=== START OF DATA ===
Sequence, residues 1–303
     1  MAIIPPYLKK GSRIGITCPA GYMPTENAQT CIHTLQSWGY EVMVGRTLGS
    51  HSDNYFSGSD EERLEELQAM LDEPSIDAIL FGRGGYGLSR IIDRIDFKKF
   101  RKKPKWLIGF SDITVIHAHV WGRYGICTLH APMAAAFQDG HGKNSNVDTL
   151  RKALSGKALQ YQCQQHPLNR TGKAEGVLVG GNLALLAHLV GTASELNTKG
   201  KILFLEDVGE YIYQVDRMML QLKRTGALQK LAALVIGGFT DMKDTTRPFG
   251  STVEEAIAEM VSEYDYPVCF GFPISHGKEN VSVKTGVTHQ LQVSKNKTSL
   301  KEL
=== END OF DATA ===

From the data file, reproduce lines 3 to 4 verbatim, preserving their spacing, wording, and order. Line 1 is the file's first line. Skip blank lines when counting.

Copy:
    51  HSDNYFSGSD EERLEELQAM LDEPSIDAIL FGRGGYGLSR IIDRIDFKKF
   101  RKKPKWLIGF SDITVIHAHV WGRYGICTLH APMAAAFQDG HGKNSNVDTL